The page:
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Saturday, March 26, 2005

crude gems

This week we celebrate the death and resurrection of our Lord Jesus Christ. Many non-Christians cannot understand why we as Christians make such a big fuss about the cross. But the cross is the undergirding of our faith. Without the cross there would be no remission of sin, no hope of eternal life with God, no basis for Christianity.
The cross was a symbol of sin and shame. After all, only those believed to be sinners and worthy of condemnation were hung on the cross. The Bible says, "Cursed is every one that hangeth on a tree" (Gal 3:13, KJV). But God, in his infinite wisdom and mercy, has a way of using the simple and crude things to make something unique and wonderful. He used a lowly stable as the birth place of the King of Kings; a handful of dust to create man, a stick in the hand of a stuttering leader to part the Red Sea, and an old rugged cross to save mankind.
This week I want to highlight two women, crude and shameful, whom God used to achieve His purpose. The first is Mary Magdalene out of whom Jesus had cast seven devils. This woman, shunned and ostracized by society, followed Jesus to His crucifixion and later had the honor of being the first person to see the risen Lord.
The other woman is Rahab in the old Testament who hid the spies that Joshua had sent to scope out the land. Rahab was a well known prostitute in te city, but because of her act of faith she and her family were spared from destruction. But even greater than that, Rahab became an ancestress of Jesus Christ.
Yes, two crude and despised women, but they were gems in the eyes of God. What is your situation today? Are you shunned, talked about, misused, abused? God loves you and wants to use you for His purpose. Will you let Him?

Saturday, March 12, 2005


Recently I watched a movie on the life of Leona Hemsley, owner of the Harley chain of hotels. Leona was a beautiful and wealthy woman who used her wealth and influence to manipulate and abuse people for her own gain. And she ended up paying dearly-a seven-million-dollar fine and four years in prison for tax evasion and other crimes. But as Solomon said, there is nothing new under the sun. This week I want to highlight two women of the Bible who used their power and influence in distinctly different ways and with differing consequences.
The first one is Abigail, described in 1 Samuel 25: 3 as "intelligent and beautiful", wife of Nabal, a wealthy man, who was "surly and mean in his dealings." When Abigail heard that Nabal had spurned King David’s request for help while he and his men were in the desert, and that David had sworn to kill all of Nabal’s men, "Abigail wasted no time." She gathered a lot of food and wine, loaded it on the donkeys and sent the servants with it ahead of her. She said nothing to Nabal. Abigail met David and his men coming toward her. She dismounted her donkey, fell at David’s feet and begged him to blame her instead of her husband, who she said was a fool. After her eloquent speech and great show of hospitality, David was greatly moved and changed his mind about killing Nabal’s men.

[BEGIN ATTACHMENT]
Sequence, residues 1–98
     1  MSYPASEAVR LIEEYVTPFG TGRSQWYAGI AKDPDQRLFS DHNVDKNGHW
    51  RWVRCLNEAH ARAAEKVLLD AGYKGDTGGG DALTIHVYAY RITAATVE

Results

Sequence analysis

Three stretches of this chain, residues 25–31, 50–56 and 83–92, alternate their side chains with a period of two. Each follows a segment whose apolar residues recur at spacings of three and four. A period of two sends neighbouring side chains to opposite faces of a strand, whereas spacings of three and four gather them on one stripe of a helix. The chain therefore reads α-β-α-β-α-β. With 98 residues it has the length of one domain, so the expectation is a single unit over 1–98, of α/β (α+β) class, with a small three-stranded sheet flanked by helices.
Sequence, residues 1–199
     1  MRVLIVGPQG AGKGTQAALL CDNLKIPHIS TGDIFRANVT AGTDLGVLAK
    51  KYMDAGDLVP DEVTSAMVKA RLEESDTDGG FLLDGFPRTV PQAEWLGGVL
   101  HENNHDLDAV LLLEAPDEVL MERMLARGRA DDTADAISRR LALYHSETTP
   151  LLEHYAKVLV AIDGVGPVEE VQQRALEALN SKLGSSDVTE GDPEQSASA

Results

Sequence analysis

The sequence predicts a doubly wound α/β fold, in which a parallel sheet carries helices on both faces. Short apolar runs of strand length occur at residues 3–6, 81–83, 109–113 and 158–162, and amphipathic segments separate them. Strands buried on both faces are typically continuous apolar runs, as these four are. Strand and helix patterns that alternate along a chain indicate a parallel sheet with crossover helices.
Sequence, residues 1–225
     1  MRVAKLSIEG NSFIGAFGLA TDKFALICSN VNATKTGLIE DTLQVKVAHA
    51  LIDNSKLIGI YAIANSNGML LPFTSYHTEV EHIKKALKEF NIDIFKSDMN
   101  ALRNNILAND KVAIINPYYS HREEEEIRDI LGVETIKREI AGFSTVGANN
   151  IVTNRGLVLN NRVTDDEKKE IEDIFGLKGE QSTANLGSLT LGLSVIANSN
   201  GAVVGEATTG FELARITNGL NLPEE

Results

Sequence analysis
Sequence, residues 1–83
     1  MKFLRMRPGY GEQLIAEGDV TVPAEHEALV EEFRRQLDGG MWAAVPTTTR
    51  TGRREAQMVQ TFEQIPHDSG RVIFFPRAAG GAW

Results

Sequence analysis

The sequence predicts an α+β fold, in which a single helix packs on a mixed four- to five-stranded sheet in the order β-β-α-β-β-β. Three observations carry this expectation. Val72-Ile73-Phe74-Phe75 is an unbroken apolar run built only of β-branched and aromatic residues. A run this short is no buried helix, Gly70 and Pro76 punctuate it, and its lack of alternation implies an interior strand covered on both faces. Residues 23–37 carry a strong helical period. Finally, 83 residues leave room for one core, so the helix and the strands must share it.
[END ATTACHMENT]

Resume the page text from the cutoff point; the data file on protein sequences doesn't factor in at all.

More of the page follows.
But that’s not the end of the story. When Abigail got home, her husband was holding a banquet and was drunk, so she waited until the next day to tell him what had happened. When Nabal heard the news, the Bible says he got a heart attack and died a few days later. When David heard that Nabal was dead, he sent for Abigail and married her.
Now let’s look at Jezebel. She was the wife of King Ahab, an evil man. But Jezebel surpassed her husband in doing evil. She killed the prophets and struck fear in Elijah’s heart when she threatened to kill him. Later she arranged to have Naboth stoned to death because he refused to sell his property to Ahab. She used her power and influence for her own gain, supporting her husband in his wrong doings. But in 11 Kings 9: 33, Jezebel dies a horrible death and the dogs ate her flesh, just as Elijah had prophesied.
What kind of woman are you? Whether you’re wealthy, in charge of a large corporation, doing a simple nine-to-five job or just a homemaker, you do have some influence. The Bible says when we try to manipulate others for our own ends we are practicing witchcraft, like Jezebel did. Which type of woman would you rather be? An Abigail or a Jezebel? You can be an Abigail and reap the rewards of the King in heaven, or you can be a Jezebel and reap the rewards of your father, the devil. It’s your choice.
Next week we’ll look at two other women and the choices they made. Let me hear your comments.

Saturday, March 05, 2005